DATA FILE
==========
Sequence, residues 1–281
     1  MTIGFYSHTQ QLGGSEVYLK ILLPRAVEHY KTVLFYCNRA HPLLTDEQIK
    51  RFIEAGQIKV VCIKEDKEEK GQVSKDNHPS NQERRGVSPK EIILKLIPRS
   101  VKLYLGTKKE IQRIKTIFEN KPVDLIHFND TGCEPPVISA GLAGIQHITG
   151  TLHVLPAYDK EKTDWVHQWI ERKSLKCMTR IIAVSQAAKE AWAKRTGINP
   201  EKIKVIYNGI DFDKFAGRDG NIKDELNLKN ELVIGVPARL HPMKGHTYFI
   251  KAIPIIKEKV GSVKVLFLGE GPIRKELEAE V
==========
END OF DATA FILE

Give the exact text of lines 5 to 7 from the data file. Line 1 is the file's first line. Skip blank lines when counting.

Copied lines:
   151  TLHVLPAYDK EKTDWVHQWI ERKSLKCMTR IIAVSQAAKE AWAKRTGINP
   201  EKIKVIYNGI DFDKFAGRDG NIKDELNLKN ELVIGVPARL HPMKGHTYFI
   251  KAIPIIKEKV GSVKVLFLGE GPIRKELEAE V